You are currently browsing the tag archive for the ‘inspiration’ tag.

Listen, are you just breathing a little, and calling it a life?  — Mary Oliver

Taking a late summer stroll through the winding streets of Panarea—a magical island north of Sicily—I was talking to my friend about my writing.

FullSizeRender-7.jpg

She’d asked me why I wasn’t blogging anymore. My goal had always been to maintain a positive outlook in the blog no matter what was going on, but that had begun to feel inauthentic. I was thinking about this when she asked her question—and instead I blurted out, “Since the election, I haven’t been feeling very positive.”

Now. I don’t share that to get political. Like, at all. I share it because it startled me, and I’ve been trying to make sense of it ever since. I’ve voraciously consumed the news over the last year, thinking I was merely staying informed. What I hadn’t realized was how deeply the rollercoaster of events was altering my worldview. I hadn’t understood how much it changed me.

When we’ve lost our way, how do we return to ourselves? 

FullSizeRender-5

I have always been someone who feels deeply.

The page has always been my safe place for processing all those feelings. I don’t always know how to express them in person—if I’m quietly thinking, I can be seen as aloof and withholding; if I’m vocal and opinionated, it can come across as overbearing. But on the page, they find meaning and hope.

Until now. Now the words are stuck. The emotions feel big and complicated and aggressive in my body, but they won’t work their way out into the world. They just sit there, stuck in sludge, unmoving and unable to find a way out. So instead of writing, I read the news. Endlessly. And then I watch it on TV.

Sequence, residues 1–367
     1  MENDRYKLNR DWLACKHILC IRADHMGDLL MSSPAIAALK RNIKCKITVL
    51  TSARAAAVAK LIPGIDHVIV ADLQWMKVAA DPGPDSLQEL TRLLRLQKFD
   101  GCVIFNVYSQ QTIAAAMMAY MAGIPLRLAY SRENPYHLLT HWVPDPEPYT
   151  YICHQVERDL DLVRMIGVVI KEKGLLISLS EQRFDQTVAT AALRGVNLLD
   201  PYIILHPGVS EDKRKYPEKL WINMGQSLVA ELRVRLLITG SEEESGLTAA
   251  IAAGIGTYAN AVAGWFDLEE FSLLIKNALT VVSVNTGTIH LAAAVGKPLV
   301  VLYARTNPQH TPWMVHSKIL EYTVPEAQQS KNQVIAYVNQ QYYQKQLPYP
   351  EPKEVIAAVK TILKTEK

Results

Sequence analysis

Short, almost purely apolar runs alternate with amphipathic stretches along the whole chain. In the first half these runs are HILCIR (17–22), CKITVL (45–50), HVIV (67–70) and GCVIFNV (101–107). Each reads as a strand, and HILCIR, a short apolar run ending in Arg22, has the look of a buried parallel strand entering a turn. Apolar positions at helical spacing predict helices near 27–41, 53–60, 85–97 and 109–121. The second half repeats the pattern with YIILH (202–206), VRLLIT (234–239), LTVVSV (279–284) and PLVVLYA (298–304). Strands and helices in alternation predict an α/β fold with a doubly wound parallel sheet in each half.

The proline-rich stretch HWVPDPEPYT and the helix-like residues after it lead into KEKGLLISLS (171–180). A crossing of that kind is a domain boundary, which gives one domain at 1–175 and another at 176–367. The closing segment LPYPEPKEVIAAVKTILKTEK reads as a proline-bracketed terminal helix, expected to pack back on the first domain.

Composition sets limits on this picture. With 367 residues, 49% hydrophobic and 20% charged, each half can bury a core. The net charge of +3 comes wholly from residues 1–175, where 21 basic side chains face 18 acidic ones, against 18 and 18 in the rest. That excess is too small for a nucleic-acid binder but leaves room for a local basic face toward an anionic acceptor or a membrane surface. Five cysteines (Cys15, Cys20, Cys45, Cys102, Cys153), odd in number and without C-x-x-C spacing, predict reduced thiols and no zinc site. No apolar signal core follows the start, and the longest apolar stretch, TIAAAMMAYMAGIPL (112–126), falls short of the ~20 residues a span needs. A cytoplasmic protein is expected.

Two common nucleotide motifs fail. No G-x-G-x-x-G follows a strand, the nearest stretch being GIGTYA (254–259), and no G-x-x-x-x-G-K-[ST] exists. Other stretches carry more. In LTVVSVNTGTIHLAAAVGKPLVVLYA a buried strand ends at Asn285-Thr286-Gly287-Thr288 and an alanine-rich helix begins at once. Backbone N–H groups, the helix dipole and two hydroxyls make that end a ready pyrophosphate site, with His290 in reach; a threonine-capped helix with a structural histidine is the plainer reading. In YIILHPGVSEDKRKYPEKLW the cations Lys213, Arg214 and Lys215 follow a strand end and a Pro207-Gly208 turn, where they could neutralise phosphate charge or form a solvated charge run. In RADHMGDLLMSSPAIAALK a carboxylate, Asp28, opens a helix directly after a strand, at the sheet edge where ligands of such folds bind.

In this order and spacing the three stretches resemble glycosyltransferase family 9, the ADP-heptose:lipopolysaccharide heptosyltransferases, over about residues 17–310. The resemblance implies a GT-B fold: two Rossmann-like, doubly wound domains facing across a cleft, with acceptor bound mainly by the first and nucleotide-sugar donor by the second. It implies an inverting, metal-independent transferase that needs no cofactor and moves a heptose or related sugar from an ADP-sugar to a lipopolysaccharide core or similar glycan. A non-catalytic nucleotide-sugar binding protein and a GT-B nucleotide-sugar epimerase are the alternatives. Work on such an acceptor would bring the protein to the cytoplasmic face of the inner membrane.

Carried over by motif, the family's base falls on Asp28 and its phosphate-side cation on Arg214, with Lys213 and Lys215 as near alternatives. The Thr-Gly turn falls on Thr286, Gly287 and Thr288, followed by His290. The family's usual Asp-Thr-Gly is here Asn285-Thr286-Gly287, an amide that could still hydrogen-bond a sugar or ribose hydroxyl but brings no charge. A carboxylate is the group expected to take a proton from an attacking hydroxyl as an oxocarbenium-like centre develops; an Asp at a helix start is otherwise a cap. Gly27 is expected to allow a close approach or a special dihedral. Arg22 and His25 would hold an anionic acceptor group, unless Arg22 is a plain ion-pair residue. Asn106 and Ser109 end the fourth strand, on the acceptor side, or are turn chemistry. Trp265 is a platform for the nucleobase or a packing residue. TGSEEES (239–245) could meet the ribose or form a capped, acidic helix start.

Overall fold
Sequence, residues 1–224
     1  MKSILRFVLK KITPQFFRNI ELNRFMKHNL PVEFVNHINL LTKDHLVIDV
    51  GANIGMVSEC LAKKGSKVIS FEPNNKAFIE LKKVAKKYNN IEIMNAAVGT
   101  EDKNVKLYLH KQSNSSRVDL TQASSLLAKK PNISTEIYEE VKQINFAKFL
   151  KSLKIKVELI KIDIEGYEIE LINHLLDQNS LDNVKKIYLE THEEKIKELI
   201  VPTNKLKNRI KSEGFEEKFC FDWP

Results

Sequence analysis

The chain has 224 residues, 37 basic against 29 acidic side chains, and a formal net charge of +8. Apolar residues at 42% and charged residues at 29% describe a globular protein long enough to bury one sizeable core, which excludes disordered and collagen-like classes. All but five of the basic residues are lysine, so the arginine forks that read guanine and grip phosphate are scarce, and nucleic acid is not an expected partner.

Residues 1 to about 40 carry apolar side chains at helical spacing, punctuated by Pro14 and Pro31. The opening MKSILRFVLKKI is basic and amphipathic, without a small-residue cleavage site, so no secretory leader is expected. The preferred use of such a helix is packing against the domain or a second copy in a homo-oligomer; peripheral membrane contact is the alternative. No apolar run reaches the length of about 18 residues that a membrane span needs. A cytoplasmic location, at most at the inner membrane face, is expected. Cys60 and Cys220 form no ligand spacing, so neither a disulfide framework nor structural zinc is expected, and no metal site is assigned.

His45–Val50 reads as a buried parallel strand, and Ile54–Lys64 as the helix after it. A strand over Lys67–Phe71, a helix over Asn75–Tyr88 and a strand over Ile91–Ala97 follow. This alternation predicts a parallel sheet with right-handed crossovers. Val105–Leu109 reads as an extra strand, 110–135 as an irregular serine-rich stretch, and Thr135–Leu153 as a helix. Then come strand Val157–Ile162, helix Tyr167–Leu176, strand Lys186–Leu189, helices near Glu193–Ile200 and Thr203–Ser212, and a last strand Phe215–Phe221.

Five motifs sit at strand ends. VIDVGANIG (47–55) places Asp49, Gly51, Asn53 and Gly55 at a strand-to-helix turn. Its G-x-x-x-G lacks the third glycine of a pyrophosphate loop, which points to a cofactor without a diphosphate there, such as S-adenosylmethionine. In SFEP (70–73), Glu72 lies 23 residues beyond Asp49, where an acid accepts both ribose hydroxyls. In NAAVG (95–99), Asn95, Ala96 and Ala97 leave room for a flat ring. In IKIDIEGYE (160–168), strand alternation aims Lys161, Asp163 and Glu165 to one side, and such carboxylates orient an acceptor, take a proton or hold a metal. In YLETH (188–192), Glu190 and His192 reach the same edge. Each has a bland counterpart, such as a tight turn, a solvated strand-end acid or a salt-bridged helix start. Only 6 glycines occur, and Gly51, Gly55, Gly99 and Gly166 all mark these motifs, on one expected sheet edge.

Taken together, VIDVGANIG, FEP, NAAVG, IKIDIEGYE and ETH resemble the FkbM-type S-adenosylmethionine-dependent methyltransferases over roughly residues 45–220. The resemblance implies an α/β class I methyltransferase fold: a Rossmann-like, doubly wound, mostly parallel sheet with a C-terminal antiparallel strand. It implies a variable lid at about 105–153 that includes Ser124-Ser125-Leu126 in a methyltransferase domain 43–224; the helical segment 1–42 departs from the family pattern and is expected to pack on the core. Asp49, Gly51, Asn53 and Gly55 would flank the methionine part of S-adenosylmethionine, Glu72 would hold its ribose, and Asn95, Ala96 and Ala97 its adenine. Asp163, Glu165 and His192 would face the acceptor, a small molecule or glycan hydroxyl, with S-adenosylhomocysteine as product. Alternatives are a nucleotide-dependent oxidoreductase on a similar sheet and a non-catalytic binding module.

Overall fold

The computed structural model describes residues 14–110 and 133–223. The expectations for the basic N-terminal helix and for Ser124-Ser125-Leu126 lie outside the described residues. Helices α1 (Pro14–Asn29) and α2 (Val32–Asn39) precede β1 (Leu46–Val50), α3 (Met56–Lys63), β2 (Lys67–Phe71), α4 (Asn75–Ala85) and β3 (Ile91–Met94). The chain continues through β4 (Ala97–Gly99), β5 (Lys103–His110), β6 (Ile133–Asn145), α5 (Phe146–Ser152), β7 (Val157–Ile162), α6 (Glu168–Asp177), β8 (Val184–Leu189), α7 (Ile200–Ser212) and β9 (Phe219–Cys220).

A few months after that Sicilian conversation, it occurred to me that I was in an abusive relationship with information. Too much of it isn’t helpful; it can actually feel toxic. But I like being informed, so I wrestle with balance. How can you stay connected to the world around you, while somehow managing to be completely disconnected?

I don’t know. But if you’ve figured it out, I want to hear about it.

Aside from that, life just feels so complicated. And exhausting.

Shopping in Whole Foods a couple of months ago, I found myself trying to pick up a dozen eggs on the way to the cash register. I stopped and stood in front of an entire wall display of eggs. There must’ve been 50 different varieties, each labeled with one of four classifications. Cage free. Pasture raised. Outdoor access. Mobile houses on pasture. (Wait…do chickens have mobile homes???) I was confused. Which was better for the chickens? Who had the best quality of life? What’s the difference between a pasture and the great outdoors? I wanted to be a good person, to make the right decision.